The N600 was developed alongside the N360 in order to target export markets like the US and Europe, where motorways demanded higher top speeds.
Just seven months after road testing the N360, Britain’s Motor magazine tested a Honda N600 in November 1968. They reported that it had a top speed of 77.1 mph (124.1 km/h) and could accelerate from 0-60 mph (97 km/h) in 19 seconds.
An overall fuel consumption of 36.3 miles per imperial gallon (7.78 L/100 km; 30.2 mpg-US) was achieved. The test car was priced in the UK at £589 including taxes, at a time when the Mini 850 was retailing for £561. The testers were impressed to find 1100 performance from a 600 cc car, but found it ‘very noisy when extended’. They found the Honda as easy to drive and park, and ‘quite well equipped’.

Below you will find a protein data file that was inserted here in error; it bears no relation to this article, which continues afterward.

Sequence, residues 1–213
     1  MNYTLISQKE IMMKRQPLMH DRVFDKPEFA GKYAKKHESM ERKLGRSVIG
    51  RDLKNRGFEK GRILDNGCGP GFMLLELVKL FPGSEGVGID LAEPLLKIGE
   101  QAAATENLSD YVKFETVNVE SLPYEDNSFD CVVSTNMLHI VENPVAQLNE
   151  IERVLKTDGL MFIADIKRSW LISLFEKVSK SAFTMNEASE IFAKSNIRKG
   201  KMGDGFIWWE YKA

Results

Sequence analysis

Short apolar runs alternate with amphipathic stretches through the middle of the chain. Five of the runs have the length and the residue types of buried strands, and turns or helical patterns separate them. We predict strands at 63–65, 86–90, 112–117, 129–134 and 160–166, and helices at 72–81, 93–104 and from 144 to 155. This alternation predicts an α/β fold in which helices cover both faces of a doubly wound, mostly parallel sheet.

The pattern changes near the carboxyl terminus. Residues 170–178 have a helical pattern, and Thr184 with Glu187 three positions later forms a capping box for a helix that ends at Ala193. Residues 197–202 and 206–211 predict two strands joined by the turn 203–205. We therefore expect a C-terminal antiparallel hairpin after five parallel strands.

The performance figures put the car at or near the top of its class under most criteria, reflecting its favourable power to weight ratio. The car was thus 5 mph (8.0 km/h) faster than the 72 mph (116 km/h) achieved by rival magazine Autocar in an N360 in May 1968, and more than ten seconds quicker to 60 mph (97 km/h) which the N360 achieved in 29.3 seconds. Consistent with its slower performance, the N360 squeezed 3 extra miles out of a (UK) gallon of fuel, managing an overall 39.4 miles per imperial gallon.
Source: Wikipedia, 2011